• Experienced computer service technicians may become supervisors or managers. Those with further training can become technical specialists – helping engineers design equipment.
  • Security alarm installers work in both indoor and outdoor settings. These may vary from clean, comfortable homes and businesses to cold, dusty buildings under construction. Travel between job sites is required.
  • Security alarm installers usually work a 40-hour workweek. Overtime may be required during busy periods. For customer convenience, installers may work some evenings and weekends.
  • Risks for security alarm installers include risks associated with working with power tools and electricity. They may need to work on ladders, scaffolding, and man lifts. The work involves handling heavier items. Personal protective equipment (PPE) is required when working on construction sites.
  • A growing number of security alarm installers work on a contract basis.
  • Security alarm installers do not install fire alarm systems.
  • Experienced security alarm installers may advance to lead installer and supervisor positions. They move to other areas like sales or customer service or open their own business.

By the numbers

Quick look

1,435

employed in 2016

87.8%

employed full-time

10.1%

self employed

7.3%
Icons/female Created with Sketch.
92.7%
Icons/male Created with Sketch.
44.9

median age

Compared to: All Engineering, Math, Science, and Information Technology

25,875

employed in 2016

91.5%

employed full-time

7.6%

self employed

20.0%
Icons/female Created with Sketch.
80%
Icons/male Created with Sketch.
42.8

median age

Where will I likely work?

53.7%

Halifax

$49,344 median annual income
13.9%

Annapolis Valley

$50,513 median annual income
12.5%

North Shore

$48,121 median annual income
11.1%

Southern

$29,453 median annual income
8.7%

Cape Breton

$39,006 median annual income

Compared to: All NS Occupations

47.0%

Halifax

15.6%

North Shore

12.9%

Annapolis Valley

12.7%

Cape Breton

11.8%

Southern

Top Industries of Employment

12.3%

Wholesale trade

12.3%

Professional, scientific and technical services

12.3%

Construction

10.3%

Retail trade

9.9%

Administrative and support, waste management and remediation services

What is the age of Employment?

26.0%

45-54

23.0%

35-44

19.0%

25-34

19.0%

55-64

8.0%

15-24

5.0%

65+

Compared to: All Engineering, Math, Science, and Information Technology

24.2%

25-34

23.5%

45-54

23.4%

35-44

16.4%

55-64

7.7%

15-24

Top levels of education

51.2%

College Diploma

$49,566 median annual income
17.1%

High school

$45,835 median annual income
16.0%

Trade Certification

$51,731 median annual income
8.0%

Bachelor

$38,852 median annual income
3.8%

Less than high school

$26,493 median annual income

Compared to: All Engineering, Math, Science, and Information Technology

33.1%

College Diploma

$59,986 median annual income
29.8%

Bachelor

$63,965 median annual income
11.9%

High school

$45,835 median annual income
9.9%

Master

$65,105 median annual income
6.9%

Trade Certification

$57,773 median annual income

Education & training

Computer Installation and Repair Technology/Technician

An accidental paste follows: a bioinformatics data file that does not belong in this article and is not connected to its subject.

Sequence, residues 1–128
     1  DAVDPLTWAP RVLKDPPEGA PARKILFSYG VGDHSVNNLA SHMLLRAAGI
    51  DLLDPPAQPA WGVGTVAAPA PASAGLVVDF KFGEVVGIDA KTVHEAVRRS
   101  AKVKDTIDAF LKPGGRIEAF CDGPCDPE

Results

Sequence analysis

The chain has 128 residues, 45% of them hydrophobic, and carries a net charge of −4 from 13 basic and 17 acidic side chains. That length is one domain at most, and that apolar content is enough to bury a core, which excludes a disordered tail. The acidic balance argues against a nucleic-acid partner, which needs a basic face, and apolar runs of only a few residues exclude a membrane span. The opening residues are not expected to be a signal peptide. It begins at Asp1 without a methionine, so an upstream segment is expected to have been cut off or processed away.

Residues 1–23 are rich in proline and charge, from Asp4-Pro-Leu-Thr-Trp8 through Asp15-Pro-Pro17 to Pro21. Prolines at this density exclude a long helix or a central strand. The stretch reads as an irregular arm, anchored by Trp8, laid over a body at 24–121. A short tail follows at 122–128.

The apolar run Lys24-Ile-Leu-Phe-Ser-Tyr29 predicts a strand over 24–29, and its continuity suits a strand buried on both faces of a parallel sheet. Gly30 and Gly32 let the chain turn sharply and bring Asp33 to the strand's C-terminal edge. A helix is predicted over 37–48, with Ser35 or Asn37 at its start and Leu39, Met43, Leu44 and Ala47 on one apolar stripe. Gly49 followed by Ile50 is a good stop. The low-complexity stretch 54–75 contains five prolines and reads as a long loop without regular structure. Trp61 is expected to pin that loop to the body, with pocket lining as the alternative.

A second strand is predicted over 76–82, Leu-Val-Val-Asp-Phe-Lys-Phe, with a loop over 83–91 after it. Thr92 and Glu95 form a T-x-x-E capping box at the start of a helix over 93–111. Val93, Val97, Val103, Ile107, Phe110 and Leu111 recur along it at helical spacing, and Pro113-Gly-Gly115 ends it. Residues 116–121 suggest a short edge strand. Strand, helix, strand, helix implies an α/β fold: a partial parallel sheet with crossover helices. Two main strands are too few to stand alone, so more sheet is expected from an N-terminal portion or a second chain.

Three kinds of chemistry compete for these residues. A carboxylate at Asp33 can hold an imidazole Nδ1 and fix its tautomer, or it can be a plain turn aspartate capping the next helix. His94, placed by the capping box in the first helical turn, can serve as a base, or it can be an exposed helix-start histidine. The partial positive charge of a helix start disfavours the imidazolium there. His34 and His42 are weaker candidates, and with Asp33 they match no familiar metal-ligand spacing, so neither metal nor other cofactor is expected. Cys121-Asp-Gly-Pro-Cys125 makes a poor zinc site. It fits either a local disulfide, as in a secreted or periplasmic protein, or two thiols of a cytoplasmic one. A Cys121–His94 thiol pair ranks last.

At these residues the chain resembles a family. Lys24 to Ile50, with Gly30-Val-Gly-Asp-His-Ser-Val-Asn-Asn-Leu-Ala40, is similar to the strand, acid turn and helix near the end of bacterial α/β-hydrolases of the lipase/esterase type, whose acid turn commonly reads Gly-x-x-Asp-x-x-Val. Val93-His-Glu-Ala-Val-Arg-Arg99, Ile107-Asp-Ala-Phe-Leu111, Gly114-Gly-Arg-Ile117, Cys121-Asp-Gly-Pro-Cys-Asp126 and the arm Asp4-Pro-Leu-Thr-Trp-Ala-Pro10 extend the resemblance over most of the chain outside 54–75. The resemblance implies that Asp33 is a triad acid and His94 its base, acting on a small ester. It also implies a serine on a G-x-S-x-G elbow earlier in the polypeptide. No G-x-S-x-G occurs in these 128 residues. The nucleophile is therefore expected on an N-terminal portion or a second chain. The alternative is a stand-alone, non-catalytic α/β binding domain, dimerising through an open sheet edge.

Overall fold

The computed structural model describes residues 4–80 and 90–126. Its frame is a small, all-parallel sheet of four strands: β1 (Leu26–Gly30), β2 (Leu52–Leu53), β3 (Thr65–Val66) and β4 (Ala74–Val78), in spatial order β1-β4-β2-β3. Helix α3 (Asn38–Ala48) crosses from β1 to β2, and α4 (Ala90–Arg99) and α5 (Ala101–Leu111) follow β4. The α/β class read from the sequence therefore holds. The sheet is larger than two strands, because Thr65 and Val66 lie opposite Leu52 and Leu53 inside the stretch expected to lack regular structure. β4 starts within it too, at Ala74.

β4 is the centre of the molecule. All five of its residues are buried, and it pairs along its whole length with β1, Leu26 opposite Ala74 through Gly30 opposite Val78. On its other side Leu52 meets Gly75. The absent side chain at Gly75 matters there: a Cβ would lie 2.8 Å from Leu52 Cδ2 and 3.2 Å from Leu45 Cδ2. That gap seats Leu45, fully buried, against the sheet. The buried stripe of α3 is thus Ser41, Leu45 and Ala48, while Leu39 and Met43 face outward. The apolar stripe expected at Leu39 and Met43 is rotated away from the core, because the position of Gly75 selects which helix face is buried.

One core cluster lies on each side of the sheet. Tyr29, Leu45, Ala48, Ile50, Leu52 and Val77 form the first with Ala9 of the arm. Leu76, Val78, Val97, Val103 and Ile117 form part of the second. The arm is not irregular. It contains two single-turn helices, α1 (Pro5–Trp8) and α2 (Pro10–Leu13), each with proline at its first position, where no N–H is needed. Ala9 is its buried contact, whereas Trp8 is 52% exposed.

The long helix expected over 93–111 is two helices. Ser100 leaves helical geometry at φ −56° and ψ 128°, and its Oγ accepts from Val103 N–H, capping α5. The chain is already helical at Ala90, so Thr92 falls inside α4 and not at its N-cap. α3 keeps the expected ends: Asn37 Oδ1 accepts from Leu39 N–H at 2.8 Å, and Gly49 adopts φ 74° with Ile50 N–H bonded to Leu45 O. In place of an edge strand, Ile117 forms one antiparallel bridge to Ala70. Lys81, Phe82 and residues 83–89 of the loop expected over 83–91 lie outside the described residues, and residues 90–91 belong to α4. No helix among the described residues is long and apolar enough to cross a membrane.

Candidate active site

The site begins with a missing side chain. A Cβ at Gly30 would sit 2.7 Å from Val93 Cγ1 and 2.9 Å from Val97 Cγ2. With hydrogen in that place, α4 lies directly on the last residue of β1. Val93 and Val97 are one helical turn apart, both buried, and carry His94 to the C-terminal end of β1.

College or Trades Program

These programs prepare students to apply technical knowledge and skills to assemble, install, operate, maintain, and repair computers and related equipment. They include courses in power supplies, number systems, memory structure, buffers and registers, microprocessor design, peripheral equipment, programming, and networking.

Institutions providing this program

Academy of Learning Career College - Halifax

Halifax, NS

Electrical, Electronic and Communications Engineering Technology/Technician

College or Trades Program

These programs prepare students to apply basic engineering principles and technical skills in support of electrical, electronics and communication engineers. They include courses in electrical circuitry, prototype development and testing; systems analysis and testing, systems maintenance, instrument calibration, and report preparation.

Institutions providing this program

Nova Scotia Community College

Various, NS

Electrical/Electronics Equipment Installation and Repair

College or Trades Program

These programs prepare students to apply technical knowledge and skills to operate, maintain, and repair electrical and electronic equipment. They include courses in electrical circuitry, simple gearing, linkages and lubrication of machines and appliances, and the use of testing equipment.

Institutions providing this program

Nova Scotia Apprenticeship Agency

Halifax, NS

Industrial Electronics Technician

College or Trades Program

These programs prepare students to apply technical knowledge and skills to assemble, install, operate, maintain, and repair electrical/electronic equipment used in industry and manufacturing. They include courses in installing, maintaining and testing various types of equipment.

There are no schools in Nova Scotia offering this program.

Security System Installation, Repair and Inspection Technician

College or Trades Program

These programs prepare students to apply technical knowledge and skills to install and repair household, business, and industrial security alarms, sensors, video and sound recording devices, identification systems, protective barriers, and related technologies.

Institutions providing this program

Nova Scotia Apprenticeship Agency

Halifax, NS

Employment requirements & contacts

Regulations

Alarm and Security Technician

Certificate of Qualification (Voluntary): This is a designated trade in Nova Scotia. Employers may require certification, but a certificate is not needed to legally work in this trade.

Regulating body:
Nova Scotia Apprenticeship Agency
Halifax, NS

Contacts

TechNova
Dartmouth, NS

Additional resources

There are no additional resources for this occupation.